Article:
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Paramore broke the Nashville Curse and never looked back



For those not familiar with the Nashville Curse, a little history: Back in the early '80s, Jason & the Nashville Scorchers were going to be the next big thing, and everyone knew it. There was just one problem, according to the major-label gatekeepers—the "Nashville" in their name. This band resembled Kenny Rogers and other Nashville commodities of the day about as much as Belle Meade resembles Brooklyn. So how to better position a Nashville band that sounded nothing like the Nashville Sound? Take the "Nashville" out of their name. So it went, and though the Scorchers garnered both a cult following and critical acclaim, they never broke through to the superstardom that seemed to be their birthright. And so the Nashville Curse was born.

No rock band from Nashville would ever sell a million records, said the Curse, which stood for over 20 years until it was finally broken in 2008—not by an alt-country band or an Americana band, not by a Coldpraise band, not by a songwriter-led Grey's-Anatomy-song-placement-whore band, not even by a certain band of brothers and their cousin. No, the dreaded and to that point very real-seeming Nashville Curse was broken, as fate would have it, by an emo-pop band from Franklin who had logged about as much shoulder time with the Nashville rock scene as, well, a certain band of brothers and their cousin.

Not that Paramore have invested much in the idea of curses, though they might concede that their success—platinum and counting for their sophomore album Riot!—is beyond both their control and their reckoning. "We're a bunch of lucky dorks," frontwoman Hayley Williams confided on Twitter in September, after remarking how bemusing she found it, still, that some people choose to adorn their walls with posters of her band. About a week later, Paramore sold out their Dec. 18 headlining concert at London's Wembley Arena—capacity: 12,000-plus—in a single day.

The band's success, which has catapulted them from Warped Tour mainstays to red carpet invitees thanks to their breakthrough hit "Misery Business" and an appearance on the Twilight soundtrack ("Decode"), has taken them well beyond the Middle Tennessee suburbs where they formed, but it has not taken the small town out of the band. In a recent video series on MTV, the band show off their favorite Franklin haunts, including Puckett's Grocery and a local Salvation Army thrift store where they enumerate the props they've bought there and used for various photo shoots. Williams explains that she bought her car—now covered in band stickers representing everyone from Sunny Day Real Estate to her own band—from her mother, who was going to get rid of it. "I guess I'm just a simple person," she says.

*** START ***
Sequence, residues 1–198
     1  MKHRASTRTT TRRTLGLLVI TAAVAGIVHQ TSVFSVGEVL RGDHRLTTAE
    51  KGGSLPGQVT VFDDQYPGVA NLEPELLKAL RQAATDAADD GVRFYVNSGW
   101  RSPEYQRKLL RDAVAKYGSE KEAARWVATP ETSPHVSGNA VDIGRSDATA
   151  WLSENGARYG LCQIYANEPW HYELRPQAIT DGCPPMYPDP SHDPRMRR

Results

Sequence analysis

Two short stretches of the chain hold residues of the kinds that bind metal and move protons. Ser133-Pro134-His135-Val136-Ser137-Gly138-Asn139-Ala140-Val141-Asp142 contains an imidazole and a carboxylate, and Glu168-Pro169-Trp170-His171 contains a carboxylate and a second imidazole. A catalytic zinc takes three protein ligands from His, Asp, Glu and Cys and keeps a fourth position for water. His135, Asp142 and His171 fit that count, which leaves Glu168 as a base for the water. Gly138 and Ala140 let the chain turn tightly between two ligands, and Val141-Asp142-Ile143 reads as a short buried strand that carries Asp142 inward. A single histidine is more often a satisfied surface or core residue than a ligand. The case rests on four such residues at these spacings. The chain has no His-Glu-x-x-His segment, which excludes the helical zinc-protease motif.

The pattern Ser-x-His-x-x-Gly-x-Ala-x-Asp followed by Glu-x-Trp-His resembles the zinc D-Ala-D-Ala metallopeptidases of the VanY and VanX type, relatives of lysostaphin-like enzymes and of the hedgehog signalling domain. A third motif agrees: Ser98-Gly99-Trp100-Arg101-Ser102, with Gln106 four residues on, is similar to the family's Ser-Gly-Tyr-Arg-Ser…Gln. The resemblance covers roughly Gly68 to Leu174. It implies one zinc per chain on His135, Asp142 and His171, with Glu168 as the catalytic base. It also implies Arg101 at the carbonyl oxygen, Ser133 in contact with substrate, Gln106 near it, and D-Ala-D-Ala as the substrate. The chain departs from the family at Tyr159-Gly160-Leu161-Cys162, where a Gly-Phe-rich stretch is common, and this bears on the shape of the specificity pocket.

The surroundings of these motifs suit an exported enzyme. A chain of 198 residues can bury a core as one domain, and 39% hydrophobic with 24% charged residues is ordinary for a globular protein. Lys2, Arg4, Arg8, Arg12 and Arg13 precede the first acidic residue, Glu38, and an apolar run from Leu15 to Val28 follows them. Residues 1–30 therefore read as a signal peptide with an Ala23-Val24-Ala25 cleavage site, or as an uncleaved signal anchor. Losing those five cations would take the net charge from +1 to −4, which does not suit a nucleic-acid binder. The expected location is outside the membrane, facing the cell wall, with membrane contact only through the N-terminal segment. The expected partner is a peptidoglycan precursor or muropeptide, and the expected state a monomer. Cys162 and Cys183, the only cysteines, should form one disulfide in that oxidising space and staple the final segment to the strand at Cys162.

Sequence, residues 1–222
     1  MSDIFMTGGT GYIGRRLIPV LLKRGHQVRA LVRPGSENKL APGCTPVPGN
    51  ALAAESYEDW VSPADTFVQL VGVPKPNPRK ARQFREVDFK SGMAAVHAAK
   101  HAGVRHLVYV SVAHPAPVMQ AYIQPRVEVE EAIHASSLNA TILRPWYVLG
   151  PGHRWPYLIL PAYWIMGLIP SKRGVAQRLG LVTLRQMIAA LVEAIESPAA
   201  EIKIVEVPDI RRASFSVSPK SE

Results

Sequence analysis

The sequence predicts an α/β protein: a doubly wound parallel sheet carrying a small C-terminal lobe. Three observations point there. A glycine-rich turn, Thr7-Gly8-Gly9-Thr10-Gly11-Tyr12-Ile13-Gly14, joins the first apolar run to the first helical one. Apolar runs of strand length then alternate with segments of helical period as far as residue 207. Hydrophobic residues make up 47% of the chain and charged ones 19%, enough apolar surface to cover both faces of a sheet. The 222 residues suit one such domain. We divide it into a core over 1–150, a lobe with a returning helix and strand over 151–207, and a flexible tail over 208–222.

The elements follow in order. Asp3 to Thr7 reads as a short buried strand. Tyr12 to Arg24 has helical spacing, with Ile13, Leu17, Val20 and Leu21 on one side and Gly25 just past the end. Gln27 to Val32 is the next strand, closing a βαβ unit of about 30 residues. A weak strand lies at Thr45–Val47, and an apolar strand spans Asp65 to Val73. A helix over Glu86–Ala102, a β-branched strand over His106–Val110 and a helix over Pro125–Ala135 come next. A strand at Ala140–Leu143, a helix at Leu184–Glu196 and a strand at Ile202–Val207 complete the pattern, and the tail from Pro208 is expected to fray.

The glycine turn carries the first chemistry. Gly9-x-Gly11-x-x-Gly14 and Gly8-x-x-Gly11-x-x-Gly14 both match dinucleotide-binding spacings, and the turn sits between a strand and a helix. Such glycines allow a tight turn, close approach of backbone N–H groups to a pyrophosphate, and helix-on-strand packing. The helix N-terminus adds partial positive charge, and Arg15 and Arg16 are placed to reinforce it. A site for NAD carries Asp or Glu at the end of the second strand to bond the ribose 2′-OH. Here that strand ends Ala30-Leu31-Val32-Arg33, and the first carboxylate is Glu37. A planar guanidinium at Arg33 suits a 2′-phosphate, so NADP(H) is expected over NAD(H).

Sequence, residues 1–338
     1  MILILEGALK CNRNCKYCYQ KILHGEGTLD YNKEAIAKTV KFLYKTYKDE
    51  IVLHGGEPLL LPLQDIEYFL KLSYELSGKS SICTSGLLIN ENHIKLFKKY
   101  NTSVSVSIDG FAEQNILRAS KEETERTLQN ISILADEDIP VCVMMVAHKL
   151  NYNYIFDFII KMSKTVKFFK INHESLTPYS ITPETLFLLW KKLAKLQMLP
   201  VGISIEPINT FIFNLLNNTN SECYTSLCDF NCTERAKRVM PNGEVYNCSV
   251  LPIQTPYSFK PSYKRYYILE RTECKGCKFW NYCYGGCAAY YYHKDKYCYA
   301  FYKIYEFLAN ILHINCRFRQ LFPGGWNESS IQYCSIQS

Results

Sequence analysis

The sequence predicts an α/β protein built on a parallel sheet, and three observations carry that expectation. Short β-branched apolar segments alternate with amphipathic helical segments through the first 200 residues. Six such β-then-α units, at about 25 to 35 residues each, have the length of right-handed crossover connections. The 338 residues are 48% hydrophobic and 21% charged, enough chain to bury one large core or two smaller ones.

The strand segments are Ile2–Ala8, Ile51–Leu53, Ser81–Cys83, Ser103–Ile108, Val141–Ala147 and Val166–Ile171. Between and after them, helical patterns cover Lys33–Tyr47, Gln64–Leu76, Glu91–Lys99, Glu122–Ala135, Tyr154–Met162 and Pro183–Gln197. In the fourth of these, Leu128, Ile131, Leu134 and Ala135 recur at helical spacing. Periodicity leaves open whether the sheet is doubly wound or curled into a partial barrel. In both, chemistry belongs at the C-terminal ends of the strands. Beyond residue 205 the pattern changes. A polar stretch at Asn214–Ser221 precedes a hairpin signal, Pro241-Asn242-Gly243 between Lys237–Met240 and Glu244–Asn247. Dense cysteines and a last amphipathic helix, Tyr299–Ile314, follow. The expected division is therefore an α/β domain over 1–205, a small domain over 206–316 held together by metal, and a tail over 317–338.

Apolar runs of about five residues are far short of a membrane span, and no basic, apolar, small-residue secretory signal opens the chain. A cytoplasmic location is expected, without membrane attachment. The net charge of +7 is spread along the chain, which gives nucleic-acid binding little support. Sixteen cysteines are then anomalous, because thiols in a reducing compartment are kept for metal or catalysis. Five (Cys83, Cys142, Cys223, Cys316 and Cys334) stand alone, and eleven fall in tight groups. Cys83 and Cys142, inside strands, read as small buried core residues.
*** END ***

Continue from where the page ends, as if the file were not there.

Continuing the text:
Williams, whose outsized charisma and Clarksonesque vocal power belie her age (20) and relatively diminutive stature, has inevitably become a focal point of the band—and not just because her hair is normally dyed a color somewhere between Cheetos and Flamin' Hot Cheetos (though that might have something to do with it). She and her bandmates are quick to emphasize that Paramore is a cohesive unit, and not a Hayley Williams vehicle. Suggesting otherwise can be a touchy matter indeed.

When it was revealed in July that Williams had contributed a song under her own name to the soundtrack for the Megan Fox boy-eater flick Jennifer's Body, I wrote on the Scene's music blog, Nashville Cream: "So what does Williams' foray into first-name-last-name solo recordings for soundtracks to vampire movies say about the rising of her star vs. the star of her band? Maybe nothing. But it's hard not to see the parallels with Paramore's current tour partners, No Doubt." Both bands had their frontwoman singled out by press as a star among lesser stars, both bands struggled with that fact, both bands experienced strain when an intraband romance terminated. A solo appearance by Williams, coinciding as it did with Paramore's support slot with No Doubt, only reinforced the symmetry—to a point, at least.

While the post didn't say (or imply) that Williams was about to quit, just raising the No Doubt parallel struck a nerve with Paramore fans. Even Williams herself rose to defend the band's status as...well, a band. On the band's LiveJournal page—yes, apparently people still use LiveJournal—she wrote that the post was "a waste of paper and ink. Or disk space," while assuring fans that Paramore "isn't going anywhere." (An email interview asking Williams about these comments was not returned before press time.) 

Fair enough. But it is true that Williams' dynamism keeps Paramore visible above the fray of similarly equipped bands formed in the fin de siècle emo-pop mold. If anything, the band's latest effort, Brand New Eyes, reflects a digging in of the heels and a refusal to sally much beyond the pale of their genre's stock in trade. The band may still be plagued by speculation about their singer's career trajectory—could that be the new Nashville Curse?—but they've been up against similar specters before and bested them.


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